Available in ebook format in Kindle Unlimited!
🌟 Please join me in welcoming author Julia McBryant to Stories That Make You Smile. Julia is here today celebrating the recent release of her smokin’ novelette, Neon Saturday Night, book 2 in the Low Country Lovers series. She’s brought along a nice excerpt, and a generous giveaway. Pull up a chair and read on to learn about Julia’s writing process and what’s coming next! 🌟
Neon Saturday Night by Julia McBryant
Love is a story you tell each other. In good times and in bad. Through darkness into light.
Series: Low Country Lovers (book #2)
Publisher: Independently Published
Cover Artist: Lee Quail
Release Date: September 23, 2019
Length: Novelette / 15,275 words / 104 pages
Pairing / Genres / Tropes: M/M Contemporary Erotic Romance, new adult, erotica, gaylit, younger characters, beach romance, bodyguard/guardian angel, coming of age, forbidden love, healing power of sex, hurt/comfort, love can heal/redemption, true love, uncommunicative masculinity
Warnings: descriptions of past child abuse and past violence
Low Country Lovers, Book #1 – Hurricane Dreams should be read first.
The Southern Seduction series chronicles the interconnected lives of a group of well-off, high society young adults in Savannah, Georgia, most of whom have known each other since kindergarten. Their complicated relationships (and unconventional sexcapades) form the meat of the series, along with a careful attention to chronology, character, and prose. More than romantic erotica, the Southern Seduction series details a fully realized world of drama, theme, and most of all, memorable characters.
Audie and Calhoun continue their long-distance relationship through college. They sneak off to Myrtle Beach. Audie drives to Charleston when Calhoun gets the flu.
They meet for a fake fishing trip on the Outer Banks. But Audie needs to belong, and because of his traumatic past, he feels like he has little to offer in a committed relationship. While he and Calhoun have fun together, they also have a difficult time negotiating Audie’s need to give as much as he takes and build an authentic relationship together.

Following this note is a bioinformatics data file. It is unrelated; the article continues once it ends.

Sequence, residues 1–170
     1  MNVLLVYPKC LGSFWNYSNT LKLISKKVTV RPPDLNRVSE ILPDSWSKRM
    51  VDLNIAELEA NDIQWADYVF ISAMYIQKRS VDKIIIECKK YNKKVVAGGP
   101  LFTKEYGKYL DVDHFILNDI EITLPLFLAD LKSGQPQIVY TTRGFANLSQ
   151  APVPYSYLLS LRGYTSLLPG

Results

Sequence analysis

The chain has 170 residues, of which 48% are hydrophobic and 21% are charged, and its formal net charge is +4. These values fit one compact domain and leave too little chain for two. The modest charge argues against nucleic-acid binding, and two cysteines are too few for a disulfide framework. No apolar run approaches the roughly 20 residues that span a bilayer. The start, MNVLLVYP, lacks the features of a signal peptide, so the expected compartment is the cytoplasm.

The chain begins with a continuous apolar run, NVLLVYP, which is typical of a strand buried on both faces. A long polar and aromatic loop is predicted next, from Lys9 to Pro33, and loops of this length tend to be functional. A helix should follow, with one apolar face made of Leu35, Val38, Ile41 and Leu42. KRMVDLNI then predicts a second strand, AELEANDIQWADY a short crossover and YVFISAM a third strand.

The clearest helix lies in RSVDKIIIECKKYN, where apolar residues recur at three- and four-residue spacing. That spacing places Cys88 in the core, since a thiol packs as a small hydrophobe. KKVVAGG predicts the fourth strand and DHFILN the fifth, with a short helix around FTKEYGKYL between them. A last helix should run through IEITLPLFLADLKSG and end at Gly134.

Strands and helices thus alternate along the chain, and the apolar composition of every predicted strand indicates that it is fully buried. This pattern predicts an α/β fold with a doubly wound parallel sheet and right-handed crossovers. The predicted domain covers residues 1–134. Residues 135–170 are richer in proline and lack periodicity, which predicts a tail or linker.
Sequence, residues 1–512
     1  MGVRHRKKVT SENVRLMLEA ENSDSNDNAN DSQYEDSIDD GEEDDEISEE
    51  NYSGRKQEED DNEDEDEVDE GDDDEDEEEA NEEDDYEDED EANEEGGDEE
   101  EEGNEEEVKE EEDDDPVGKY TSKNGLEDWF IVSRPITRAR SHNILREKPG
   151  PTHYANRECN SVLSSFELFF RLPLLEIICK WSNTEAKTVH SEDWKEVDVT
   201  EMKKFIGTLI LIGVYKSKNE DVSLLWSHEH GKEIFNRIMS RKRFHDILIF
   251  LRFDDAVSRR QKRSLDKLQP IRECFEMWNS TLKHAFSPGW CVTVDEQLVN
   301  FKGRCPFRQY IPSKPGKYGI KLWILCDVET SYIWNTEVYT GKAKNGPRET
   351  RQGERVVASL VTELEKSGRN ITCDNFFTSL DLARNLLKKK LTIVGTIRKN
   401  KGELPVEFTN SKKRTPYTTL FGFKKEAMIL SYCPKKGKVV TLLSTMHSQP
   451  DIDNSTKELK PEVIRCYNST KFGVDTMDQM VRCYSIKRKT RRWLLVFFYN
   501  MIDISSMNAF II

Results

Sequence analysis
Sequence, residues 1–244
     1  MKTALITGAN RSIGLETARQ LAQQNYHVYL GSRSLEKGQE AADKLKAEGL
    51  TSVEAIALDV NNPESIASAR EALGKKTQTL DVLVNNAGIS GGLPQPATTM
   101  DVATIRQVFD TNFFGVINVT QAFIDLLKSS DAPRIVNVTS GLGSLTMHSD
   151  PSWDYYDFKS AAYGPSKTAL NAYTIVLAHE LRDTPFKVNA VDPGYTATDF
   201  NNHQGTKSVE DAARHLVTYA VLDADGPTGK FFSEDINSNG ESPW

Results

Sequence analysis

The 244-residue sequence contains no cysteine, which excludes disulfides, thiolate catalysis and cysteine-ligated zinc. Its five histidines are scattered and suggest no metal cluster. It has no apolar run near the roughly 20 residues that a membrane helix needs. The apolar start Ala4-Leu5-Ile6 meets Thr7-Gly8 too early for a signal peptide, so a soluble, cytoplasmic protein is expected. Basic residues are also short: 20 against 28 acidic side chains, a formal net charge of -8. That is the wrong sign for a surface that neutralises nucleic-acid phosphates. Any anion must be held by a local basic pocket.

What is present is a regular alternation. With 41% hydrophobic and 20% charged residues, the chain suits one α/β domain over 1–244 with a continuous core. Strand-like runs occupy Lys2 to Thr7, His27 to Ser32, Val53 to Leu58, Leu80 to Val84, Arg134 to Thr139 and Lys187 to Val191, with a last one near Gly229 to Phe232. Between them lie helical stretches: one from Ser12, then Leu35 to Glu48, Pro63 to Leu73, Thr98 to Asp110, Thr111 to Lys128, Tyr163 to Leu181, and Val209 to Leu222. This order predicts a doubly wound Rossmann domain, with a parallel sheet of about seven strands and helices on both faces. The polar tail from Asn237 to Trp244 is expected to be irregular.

Calhoun says his job is to learn to be loved. But Audie wants to be more than a fun top and a tragic boyfriend.
☆ Author Interview ☆
When did you know you wanted to write, and when did you realize you were good at it?
I always loved to write (my first grade teacher had to make me stop), but in fourth grade, we had journals we would write in every day and read aloud. “Journal” was a loose term; we really wrote whatever we wanted. I used to write endless stories about a klutzy night and his pet chicken. The class loved them and I realized I could actually do this thing.
Do you read your book reviews? How do you deal with bad or good ones?
My first review on my first book was a three on Goodreads. I cried. Then I went outside, smoked a cigarette, and watched on youtube, in this order, the cast of The Magicians doing Taylor Swift’s “Shake It Off,” “Under Pressure” (my favorite song of all time), and “Here I Go Again” (yep, the Whitesnake One). By then I had finished the Parliament Light 100 — yes, Jax and I smoke the same cigarettes — they’re a terrible habit but I only have one or two a day. I started associating them with writing fiction in grad school, and when I started on fiction again, they came right back out again.
Now it takes a really, really bad review to require a cigarette and “Under Pressure.” Normally I message Wendy Stone or call my editor and complain about how wrong, wrong, wrong people are ;).
Are you a plotter or a pantster?